298 Critchley to McIntyre
Letter BATAVIA, 15 March 1949
This week I am attaching the interesting Dutch documents. The first  is a confidential memorandum to the members of the States-General, from a number of officials, Dutch and Indonesian, in the Netherlands Indies Service. Although I have not seen the original of this document, I believe it is authentic. It provides a useful insight into Dutch difficulties in Indonesia. One aspect worth pointing out is the threat of what is described as a 'counter terror'. Republican sources are already reporting that the Netherlands forces in Indonesia have initiated a terror campaign to break the spirit of the people (see my K.286 ).
From the outset there have been powerful influences (such as Spoor) whose objective has been the crushing of the real nationalist forces irrespective of the blood letting involved.
Even moderates among the Dutch talk of Indonesian respect for 'power and authority'.
2. The second document is an account  of a visit to Djokja from the 17th to 21st February, 1949 by Dr. F.L. Bakker, a Missionary Consul. This account shows the marked contrast between present conditions in Djokja and those before the second military action.
3. Both documents help to demonstrate the falsity of the Dutch arguments that the Republicans cannot be permitted to return to Djokja. Van Royen's speech  in the Security Council on March 10 was depressing and, in its account of the difficulties associated with the re-establishment of the Republic at Djokja, deliberately designed to mislead the Council. It is evident that so far the Netherlands have given no real consideration to the question of what concessions they should make to nationalist forces in Indonesia but are still following a policy designed to hold on to the Indies as completely and as long as possible. As suggested in my first paragraph, this is a policy which will bring misery to the local people. It will also result in further economic destruction and finally create even more serious political problems for the Indonesians, the Dutch and everybody else. I am convinced that the Dutch will only change this policy under the strongest pressure. In the final analysis the United States must say, 'Do this in such a time or else we shall support severe economic sanctions against the Netherlands'.
4. All of the foregoing, of course, supports the need of a firm policy by the Security Council. Among its other defects the compromise proposal currently proposed by China and Canada in the Security Council would tend to encourage the Dutch in their obstinacy. I was glad to note the instructions passed on to New York that the objective of the Council should be to insist on compliance with the resolution.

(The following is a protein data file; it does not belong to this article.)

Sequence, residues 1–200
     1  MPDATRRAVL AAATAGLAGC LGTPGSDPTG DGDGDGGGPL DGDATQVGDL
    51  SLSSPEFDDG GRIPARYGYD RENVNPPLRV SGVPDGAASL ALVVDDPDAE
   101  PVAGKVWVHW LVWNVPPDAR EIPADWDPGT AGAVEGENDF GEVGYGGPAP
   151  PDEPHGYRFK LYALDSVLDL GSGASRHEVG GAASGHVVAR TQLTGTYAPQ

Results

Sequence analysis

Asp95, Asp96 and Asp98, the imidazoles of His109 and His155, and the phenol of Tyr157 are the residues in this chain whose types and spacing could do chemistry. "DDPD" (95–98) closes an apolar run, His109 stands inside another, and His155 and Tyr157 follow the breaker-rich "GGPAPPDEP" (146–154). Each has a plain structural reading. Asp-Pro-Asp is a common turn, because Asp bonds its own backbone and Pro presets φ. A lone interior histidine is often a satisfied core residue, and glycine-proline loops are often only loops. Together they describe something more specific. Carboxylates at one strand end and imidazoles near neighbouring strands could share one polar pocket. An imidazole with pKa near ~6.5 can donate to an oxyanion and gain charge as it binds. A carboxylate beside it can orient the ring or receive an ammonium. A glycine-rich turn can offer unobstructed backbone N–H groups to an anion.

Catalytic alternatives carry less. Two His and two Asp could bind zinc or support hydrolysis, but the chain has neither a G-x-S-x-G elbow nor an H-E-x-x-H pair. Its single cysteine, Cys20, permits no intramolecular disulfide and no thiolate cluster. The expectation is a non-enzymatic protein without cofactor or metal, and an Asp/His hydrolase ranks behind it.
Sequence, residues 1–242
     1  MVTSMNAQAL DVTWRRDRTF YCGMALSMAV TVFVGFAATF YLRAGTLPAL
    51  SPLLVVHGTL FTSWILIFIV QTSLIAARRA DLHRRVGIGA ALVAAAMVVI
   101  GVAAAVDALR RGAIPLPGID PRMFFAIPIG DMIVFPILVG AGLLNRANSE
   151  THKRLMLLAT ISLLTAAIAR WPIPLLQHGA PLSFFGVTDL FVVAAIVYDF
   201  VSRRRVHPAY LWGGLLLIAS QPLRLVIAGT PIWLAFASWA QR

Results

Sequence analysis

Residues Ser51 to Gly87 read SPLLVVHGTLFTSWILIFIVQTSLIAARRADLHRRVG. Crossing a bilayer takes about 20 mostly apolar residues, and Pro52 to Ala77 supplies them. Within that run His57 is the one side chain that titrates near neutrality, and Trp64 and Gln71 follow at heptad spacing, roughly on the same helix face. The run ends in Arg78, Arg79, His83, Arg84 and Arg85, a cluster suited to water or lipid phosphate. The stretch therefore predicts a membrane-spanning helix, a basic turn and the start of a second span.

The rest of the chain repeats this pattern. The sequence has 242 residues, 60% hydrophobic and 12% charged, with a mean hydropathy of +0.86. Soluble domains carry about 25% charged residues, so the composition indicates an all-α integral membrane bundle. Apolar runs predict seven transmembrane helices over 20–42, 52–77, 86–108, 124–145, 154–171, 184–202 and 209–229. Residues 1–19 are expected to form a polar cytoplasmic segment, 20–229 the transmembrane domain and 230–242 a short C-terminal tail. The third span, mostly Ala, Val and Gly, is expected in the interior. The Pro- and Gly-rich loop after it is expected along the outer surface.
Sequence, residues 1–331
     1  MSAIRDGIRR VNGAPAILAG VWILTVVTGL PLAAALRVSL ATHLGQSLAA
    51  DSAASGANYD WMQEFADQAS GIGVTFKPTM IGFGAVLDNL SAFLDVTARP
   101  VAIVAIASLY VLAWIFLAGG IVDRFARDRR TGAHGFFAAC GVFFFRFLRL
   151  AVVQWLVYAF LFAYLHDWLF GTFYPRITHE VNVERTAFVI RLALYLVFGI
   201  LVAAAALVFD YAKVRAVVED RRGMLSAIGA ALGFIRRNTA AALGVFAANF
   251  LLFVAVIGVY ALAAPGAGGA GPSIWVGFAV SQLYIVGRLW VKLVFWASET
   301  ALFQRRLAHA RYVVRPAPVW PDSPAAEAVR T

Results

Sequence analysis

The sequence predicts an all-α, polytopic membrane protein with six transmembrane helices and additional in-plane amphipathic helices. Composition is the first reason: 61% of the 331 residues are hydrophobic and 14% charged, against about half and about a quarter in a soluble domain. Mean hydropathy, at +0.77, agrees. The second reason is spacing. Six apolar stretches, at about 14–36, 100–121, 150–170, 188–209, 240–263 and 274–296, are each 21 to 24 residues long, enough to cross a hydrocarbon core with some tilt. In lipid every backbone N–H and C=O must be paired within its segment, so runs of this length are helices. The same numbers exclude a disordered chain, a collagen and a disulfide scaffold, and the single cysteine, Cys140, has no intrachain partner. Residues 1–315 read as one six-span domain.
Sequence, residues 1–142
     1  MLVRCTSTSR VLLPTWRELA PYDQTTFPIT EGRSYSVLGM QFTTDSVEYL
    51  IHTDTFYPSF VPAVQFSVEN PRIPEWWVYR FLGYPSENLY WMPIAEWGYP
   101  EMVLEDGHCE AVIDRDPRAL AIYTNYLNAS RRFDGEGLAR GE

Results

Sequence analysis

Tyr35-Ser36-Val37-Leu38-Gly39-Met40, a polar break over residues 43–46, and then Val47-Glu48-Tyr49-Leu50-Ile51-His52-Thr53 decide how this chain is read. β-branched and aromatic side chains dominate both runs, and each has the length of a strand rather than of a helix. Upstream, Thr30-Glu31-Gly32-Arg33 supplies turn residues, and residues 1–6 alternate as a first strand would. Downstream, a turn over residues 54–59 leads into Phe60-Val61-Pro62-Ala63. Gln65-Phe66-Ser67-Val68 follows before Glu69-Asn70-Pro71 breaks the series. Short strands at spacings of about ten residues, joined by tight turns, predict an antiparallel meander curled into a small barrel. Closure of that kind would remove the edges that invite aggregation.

5. I regret that in my telegram No. K.286, I over-telescoped my objections to the Chinese compromise proposal  and did not spell out the 'awkward questions regarding Republican participation' in negotiations for return to Djokja. Briefly I had the following in mind. Republican leaders, while they are without territory, must be regarded as under duress. In this position they can make arrangements for return of the Government to the capital and for resumption of the administration of Republican territory.
It is open to doubt, however, whether the leaders would be prepared to 'negotiate' before their return. Negotiations presume a government. This means that members of the Government at present with the guerillas in Central Java and those with the Emergency Government in Sumatra must be brought together with those at Bangka, Batavia and Djokja. It would be easy to arrange such a meeting in Republican-controlled territory, but far from easy in territory now under Dutch control. Assuming that the Republican leaders at Bangka agreed to negotiate conditions for their return to Djokja, it is possible such negotiations would be rejected by the Emergency Government. Already there has been criticism in Republican circles that the Bangka leaders have been taking decisions which should have been left to the Emergency Government which was given power on 19 December. A conflict at this stage between the leaders on Bangka and the Emergency Government would weaken Republican authority, create added confusion and generally increase the difficulties of resuming negotiations in a satisfactory atmosphere.
6. Finally I agree with you that the preliminary conference might get nowhere, while protracting delay. Probably the Dutch would open the negotiations by suggesting compromises which could not be acceptable to the Republicans. Herremans has hinted, for example, that Dutch troops might be retained in Djokja-an impossible condition if law and order are to be restored and if the Republican leaders are to speak with authority. Furthermore I should not be surprised if the Dutch endeavour to force the Republican Government out of Java to Sumatra by suggesting it be established in Atjeh. A further argument which the Security Council should bear in mind is that the longer the delay the more difficult it will be to implement the Resolution or indeed find any overall solution to the Indonesian question.
7. Attachment 3  is a special report by the Milex Board on the area Jogja-Magalang-Salatiga-Solo. It further supports the conclusions already forwarded to the Security Council, that active military operations are continuing in Indonesia.